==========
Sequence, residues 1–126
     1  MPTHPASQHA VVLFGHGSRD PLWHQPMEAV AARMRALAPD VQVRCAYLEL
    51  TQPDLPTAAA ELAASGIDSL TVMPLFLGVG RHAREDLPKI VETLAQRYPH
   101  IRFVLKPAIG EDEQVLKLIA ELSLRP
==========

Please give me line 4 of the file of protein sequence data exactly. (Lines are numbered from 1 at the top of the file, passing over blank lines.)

   101  IRFVLKPAIG EDEQVLKLIA ELSLRP